Classic Computer Magazine Archive ANTIC VOL. 7, NO. 11 / MARCH 1989



I own an Atari 130XE, a Panasonic 1080i printer and a Xetec Graphix interface. This setup worked fine, until I got Newsroom from Springboard Software. For some reason, I got a lot of strange characters on my page when I tried to create a newsletter. Springboard's customer support was unable to help me, but with the help of a friend and a lot of experimentation a fix was found.

Set the Newsroom printer driver to Epson MX-70 and set the Xetec DIP switch to the ON position. The program will run faultlessly. Just don't forget to reset the DIP switch when you're done!

Robert Shutts
Joliet, IL


My kids just love Talking Toddle Type (October 1988 disk bonus). To speed up the fun, those with a 130XE and SpartaDOS 3.2 can AUTOLOAD the .SPK speech files with a STARTUP.BAT file. Put TODDLE.EXE, all the .SPK files, and the SpartaDOS system file RD.COM on a SpartaDOS formatted disk with X32D.DOS on it. Create a file named STARTUP.BAT on the same disk containing the following commands:

RD D3:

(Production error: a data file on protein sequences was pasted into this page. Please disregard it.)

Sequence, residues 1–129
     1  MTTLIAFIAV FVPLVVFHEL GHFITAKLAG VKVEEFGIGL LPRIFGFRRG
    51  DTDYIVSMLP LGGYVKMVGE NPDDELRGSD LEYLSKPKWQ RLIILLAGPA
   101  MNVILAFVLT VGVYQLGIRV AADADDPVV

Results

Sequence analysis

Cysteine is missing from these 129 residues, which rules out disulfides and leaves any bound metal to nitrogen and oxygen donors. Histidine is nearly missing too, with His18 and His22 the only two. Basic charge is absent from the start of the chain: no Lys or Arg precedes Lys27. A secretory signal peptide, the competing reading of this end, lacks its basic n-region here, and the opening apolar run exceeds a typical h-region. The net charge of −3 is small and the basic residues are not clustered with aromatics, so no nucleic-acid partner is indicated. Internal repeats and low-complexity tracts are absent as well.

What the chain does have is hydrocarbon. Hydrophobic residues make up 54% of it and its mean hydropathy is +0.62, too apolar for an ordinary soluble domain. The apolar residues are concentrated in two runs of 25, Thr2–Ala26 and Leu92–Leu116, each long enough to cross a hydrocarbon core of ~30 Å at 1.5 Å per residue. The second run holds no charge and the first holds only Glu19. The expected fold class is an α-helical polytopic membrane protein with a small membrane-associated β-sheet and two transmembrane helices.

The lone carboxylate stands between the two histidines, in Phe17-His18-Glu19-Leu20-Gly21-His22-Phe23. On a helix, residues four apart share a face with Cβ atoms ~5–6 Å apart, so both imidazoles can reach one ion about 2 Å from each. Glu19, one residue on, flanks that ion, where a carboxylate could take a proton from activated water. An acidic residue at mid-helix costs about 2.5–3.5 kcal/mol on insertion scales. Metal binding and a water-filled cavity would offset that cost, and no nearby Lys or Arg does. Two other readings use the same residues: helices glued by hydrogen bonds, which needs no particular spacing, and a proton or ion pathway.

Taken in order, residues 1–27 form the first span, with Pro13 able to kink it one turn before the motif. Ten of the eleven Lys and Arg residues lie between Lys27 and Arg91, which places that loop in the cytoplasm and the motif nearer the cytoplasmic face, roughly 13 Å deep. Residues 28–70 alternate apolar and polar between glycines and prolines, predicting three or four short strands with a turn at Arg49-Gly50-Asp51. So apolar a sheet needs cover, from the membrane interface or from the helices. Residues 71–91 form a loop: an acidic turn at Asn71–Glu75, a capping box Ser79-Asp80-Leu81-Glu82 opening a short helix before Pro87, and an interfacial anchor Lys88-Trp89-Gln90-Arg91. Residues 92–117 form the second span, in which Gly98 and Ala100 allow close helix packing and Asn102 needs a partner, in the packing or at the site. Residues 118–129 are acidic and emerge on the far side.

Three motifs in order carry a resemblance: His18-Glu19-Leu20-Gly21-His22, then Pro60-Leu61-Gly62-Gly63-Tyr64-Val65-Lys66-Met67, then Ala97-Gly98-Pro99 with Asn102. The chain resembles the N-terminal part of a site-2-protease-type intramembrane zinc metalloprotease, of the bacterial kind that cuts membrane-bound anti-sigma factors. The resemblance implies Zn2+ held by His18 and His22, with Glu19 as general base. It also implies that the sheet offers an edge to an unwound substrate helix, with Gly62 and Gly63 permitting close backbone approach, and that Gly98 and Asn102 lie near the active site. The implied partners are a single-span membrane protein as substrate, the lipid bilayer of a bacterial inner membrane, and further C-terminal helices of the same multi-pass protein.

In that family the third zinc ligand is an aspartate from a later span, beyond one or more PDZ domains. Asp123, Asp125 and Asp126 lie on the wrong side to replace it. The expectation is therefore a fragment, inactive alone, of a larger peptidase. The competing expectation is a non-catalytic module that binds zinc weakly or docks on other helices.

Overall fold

This batch file turns off internal BASIC so you don't have to hold down [OPTION]. The keyboard buffer is also turned off, since kids usually press the keys longer than adults. An internal RAMDISK named D3: is created to store the .SPK files which are subseqently loaded into memory. Finally, the assembly language program is loaded and executed.

When the initial Toddle Type selection menu appears, [SELECT] the Speech Drive and [ 3]. Press [START] and away your kids go. My next project is to figure how to make Drive 3 the default Speech Drive in the assembly language progrwn and eliminate the need to [SELECT] the correct Speech Drive and press [START]. Any suggestions?

Rick Reaser
Pacific Grove, CA

Any SpartaDOS users out there have some suggestions?--ANTIC ED